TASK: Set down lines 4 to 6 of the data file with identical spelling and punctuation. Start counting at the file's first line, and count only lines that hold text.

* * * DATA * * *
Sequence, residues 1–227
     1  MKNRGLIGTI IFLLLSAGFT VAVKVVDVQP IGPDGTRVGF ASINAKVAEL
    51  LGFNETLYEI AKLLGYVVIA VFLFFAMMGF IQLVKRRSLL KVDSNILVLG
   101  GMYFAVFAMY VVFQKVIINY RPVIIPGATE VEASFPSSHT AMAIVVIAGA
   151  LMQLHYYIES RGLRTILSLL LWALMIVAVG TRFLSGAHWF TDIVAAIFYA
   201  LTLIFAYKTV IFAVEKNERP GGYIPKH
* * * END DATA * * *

   101  GMYFAVFAMY VVFQKVIINY RPVIIPGATE VEASFPSSHT AMAIVVIAGA
   151  LMQLHYYIES RGLRTILSLL LWALMIVAVG TRFLSGAHWF TDIVAAIFYA
   201  LTLIFAYKTV IFAVEKNERP GGYIPKH